support he has received each night from his parents, both of whom are teachers.
In November 2010 the family formally requested an evaluation to determine if their son would
meet eligibility under Other Health Impairment (OHI) due to
1. His epilepsy and seizure disorder and
2. His inability to pass the FCAT Reading.
The district found him not to meet eligibility under OHI as he did not require “specialized
instruction”. The debate between the parents has continued for two and a half years and two
lengthy meetings were held in May 2012 to once again consider the question. On May 29 th the
district once again denied that he meets eligibility for exceptional student education (special
education) services over the strong objections of his family and from us.
The crux of the issue is whether or not this student requires specialized instruction to receive a
free and appropriate public education.
The district states he doesn’t require specialized instruction as evidenced by his good
grades and his achievement testing in reading that documents average scores across the
We and the family state he does require specialized instruction via ESE for multiple
o He has diagnosed cognitive deficits including memory and auditory processing
issues as a direct result of his epilepsy. Such deficits can be overcome through
the direct teaching of specific memory and auditory processing strategies, as
well as appropriate accommodations.
o He clearly is adversely impacted in his ability to function in school.
o He is consistently failing the FCAT even though he has worked hard and done will
in his Intensive Reading courses provided through his district’s Tier II RTI
interventions the last three years.
o This is not a new issue of law. The eligibility of a student with generally good
grades, who is however disabled and therefore requires specially designed
instruction, to be given an appropriate IEP, is settled law. We have attached, to
the end of this letter, a brief legal resume, along with some relevant case law
and advisory letters, for your consideration, .
The question(s):
If this student is an A and B student through diligent effort and hard work but is not able to pass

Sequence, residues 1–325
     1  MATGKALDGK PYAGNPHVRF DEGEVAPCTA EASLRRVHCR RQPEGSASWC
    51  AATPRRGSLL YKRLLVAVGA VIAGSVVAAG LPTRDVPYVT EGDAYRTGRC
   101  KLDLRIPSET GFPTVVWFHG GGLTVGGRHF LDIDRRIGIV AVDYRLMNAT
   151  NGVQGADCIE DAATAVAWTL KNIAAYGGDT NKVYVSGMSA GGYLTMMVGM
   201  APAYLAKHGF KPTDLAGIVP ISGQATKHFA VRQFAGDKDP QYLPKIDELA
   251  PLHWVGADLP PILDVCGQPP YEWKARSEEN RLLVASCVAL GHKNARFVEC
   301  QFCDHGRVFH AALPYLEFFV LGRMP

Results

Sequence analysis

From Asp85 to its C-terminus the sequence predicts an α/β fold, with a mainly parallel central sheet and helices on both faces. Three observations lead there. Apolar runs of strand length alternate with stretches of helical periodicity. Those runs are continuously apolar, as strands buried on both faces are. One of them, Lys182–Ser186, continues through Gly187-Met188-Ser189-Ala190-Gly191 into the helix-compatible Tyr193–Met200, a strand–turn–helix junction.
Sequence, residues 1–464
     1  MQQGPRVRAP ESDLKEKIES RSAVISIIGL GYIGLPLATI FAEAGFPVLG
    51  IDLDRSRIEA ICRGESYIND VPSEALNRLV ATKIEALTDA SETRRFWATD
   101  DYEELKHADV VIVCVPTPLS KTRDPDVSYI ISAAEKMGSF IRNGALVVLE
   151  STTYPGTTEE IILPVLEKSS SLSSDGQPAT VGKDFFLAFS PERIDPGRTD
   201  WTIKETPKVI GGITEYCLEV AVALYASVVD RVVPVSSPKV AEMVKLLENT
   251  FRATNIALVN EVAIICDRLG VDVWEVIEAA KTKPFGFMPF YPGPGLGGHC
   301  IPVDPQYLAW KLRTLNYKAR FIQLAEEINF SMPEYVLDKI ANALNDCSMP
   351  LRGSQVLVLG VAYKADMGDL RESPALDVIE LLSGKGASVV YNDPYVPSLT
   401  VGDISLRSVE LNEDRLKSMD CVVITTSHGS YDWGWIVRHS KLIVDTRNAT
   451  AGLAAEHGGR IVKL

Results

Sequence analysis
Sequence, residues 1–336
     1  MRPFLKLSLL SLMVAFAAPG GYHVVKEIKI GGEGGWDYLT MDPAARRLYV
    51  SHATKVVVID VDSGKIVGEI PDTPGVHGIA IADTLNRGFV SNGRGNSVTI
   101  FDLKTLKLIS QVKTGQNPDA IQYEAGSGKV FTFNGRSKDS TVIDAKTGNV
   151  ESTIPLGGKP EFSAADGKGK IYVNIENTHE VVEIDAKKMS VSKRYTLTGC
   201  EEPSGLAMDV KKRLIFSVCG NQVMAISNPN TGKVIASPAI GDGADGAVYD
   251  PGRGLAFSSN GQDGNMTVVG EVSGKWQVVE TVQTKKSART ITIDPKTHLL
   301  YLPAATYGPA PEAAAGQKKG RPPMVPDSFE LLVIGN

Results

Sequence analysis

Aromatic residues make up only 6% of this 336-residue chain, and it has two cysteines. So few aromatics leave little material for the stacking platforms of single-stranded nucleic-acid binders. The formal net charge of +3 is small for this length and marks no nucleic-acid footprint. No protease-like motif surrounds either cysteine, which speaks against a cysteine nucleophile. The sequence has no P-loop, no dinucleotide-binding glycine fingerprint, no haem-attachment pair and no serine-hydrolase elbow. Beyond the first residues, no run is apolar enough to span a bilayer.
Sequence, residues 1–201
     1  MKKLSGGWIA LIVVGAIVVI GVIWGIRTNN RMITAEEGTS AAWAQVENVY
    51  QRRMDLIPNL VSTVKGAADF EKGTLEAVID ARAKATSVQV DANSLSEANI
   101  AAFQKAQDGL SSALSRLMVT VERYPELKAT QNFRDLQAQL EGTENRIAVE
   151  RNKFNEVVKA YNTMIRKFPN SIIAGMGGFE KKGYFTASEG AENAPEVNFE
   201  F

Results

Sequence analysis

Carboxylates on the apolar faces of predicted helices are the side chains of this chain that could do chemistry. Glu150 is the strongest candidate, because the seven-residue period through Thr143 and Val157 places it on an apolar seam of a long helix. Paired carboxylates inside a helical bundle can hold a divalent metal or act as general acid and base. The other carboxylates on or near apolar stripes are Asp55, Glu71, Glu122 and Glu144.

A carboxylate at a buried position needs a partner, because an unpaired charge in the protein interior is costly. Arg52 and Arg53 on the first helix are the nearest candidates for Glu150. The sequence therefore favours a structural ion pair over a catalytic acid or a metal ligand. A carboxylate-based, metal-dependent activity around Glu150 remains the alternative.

the reading portion of the FCAT in spite of multiple years of Tier II interventions from his school,
would he not qualify for intensive specialized instruction through exceptional student education
to address his inability to pass the FCAT reading?
Is a student’s failure to pass the FCAT Reading portion of the state assessment test sufficient
documentation of a need for specialized instruction to allow his school’s IEP team to find him
eligible under Other Health Impairment for exceptional student education services?
We contend that, because passage of the State of Florida’s Comprehensive Assessment Test in
10th grade is required for graduation with a standard high school diploma, he would qualify for
exceptional student education right now. The district shared that he would have two other
tests he could take as an alternate if he didn’t pass the 10 th grade FCAT that might help him
graduate with a standard high school diploma. However, we and the parents are not willing to
take that chance. Also, if he is not on an IEP when he takes the 10 th grade FCAT test, he would
be ineligible for the FCAT waiver provision as one of your staff shared with the parents.
Thank you in advance for your help with this important clarification. We look forward to
hearing from you soon.
Very truly yours,
Jonathan C. McIntire, PhD
Education Consultant
Mark Kamleiter, Esq.
Special Education Attorney